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Tattoo You – The Rolling Stones

Tattoo You

(1981), 8/10
Tattoo You is a collection of outtakes from The Rolling Stones’ sessions from between 1972 sessions for Goat’s Head Soup and 1980’s Undercover. The band raided their vaults because Mick Jagger and Keith Richards’ relationship was difficult at the time, although a lot of the songs were instrumentals which Jagger needed to add lyrics and vocals to. Improbably, Tattoo You is arguably stronger than any of the parent albums that it’s drawn from. It benefits from its diversity, since it covers ground from almost ten years of sessions, from the R&B of ‘Worried About You’, from the Black and Blue sessions to the sunny pop of ‘Waiting For A Friend’ from 1972, and the riff rock of ‘Hang Fire’.

The album begins with the infectious riff rock of ‘Start Me Up’, which kicks off the opening side of rockers. Richards gets a vocal showcase on ‘Little T&A’, while ‘Hang Fire’ is urgent and raucous. On the mellow side, there’s the sunny ‘Waiting On A Friend’, which has always reminded me of Joni Mitchell’s ‘Coyote’ – ‘Coyote’ was released in 1976, but ‘Waiting on a Friend’ was first recorded in 1972. Wayne Perkins plays guitar on ‘Worried About You’, while Jagger employs his falsetto.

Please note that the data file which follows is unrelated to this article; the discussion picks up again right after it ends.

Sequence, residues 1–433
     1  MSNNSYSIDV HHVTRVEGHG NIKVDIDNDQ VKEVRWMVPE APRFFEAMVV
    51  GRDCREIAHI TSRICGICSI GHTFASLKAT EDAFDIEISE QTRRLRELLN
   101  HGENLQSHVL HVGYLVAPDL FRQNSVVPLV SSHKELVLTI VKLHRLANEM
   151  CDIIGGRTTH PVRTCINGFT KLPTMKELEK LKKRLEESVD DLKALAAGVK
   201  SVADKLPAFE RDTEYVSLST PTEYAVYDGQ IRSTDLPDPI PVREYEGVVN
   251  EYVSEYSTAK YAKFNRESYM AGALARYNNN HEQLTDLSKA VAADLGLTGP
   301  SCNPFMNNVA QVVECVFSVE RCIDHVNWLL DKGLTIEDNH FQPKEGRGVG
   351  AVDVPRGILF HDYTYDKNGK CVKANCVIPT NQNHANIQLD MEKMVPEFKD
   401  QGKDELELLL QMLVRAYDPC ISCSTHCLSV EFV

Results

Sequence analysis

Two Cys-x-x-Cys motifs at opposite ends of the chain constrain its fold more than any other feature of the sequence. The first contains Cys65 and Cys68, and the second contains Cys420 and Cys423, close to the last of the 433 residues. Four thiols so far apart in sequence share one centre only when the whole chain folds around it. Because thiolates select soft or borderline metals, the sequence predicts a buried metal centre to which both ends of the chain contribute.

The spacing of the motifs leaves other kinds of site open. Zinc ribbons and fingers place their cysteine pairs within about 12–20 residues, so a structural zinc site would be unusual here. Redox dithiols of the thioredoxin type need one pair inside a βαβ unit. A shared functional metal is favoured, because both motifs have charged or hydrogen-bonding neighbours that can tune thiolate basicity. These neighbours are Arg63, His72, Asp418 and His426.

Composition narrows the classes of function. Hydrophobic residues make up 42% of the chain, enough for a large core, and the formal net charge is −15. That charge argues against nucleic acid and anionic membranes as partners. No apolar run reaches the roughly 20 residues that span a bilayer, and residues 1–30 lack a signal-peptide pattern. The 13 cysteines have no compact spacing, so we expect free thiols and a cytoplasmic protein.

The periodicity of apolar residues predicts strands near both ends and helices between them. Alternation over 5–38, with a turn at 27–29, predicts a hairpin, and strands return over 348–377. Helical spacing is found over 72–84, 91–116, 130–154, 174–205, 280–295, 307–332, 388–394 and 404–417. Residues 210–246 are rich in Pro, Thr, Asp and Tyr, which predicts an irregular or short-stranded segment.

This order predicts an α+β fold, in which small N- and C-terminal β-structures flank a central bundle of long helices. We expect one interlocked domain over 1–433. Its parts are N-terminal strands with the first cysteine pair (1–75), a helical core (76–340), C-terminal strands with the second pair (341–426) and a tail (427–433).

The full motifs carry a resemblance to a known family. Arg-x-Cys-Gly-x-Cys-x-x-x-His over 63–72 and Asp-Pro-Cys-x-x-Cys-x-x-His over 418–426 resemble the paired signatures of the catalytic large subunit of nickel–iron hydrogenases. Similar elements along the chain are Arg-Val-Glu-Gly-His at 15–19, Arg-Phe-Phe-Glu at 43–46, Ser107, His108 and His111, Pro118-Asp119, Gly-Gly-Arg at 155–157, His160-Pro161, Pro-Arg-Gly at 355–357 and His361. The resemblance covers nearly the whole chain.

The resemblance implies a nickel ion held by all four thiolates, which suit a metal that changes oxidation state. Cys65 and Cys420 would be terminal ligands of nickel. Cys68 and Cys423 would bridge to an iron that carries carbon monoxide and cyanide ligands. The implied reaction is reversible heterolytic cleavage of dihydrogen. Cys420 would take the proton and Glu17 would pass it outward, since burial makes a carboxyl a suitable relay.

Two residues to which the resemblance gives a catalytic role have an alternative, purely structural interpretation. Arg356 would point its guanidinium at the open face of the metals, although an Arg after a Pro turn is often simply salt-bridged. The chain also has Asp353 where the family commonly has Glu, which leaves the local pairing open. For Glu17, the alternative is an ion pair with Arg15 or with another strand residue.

Tattoo You, an album of outtakes, is my favourite of the post 1972 Rolling Stones albums that I’m familiar with.

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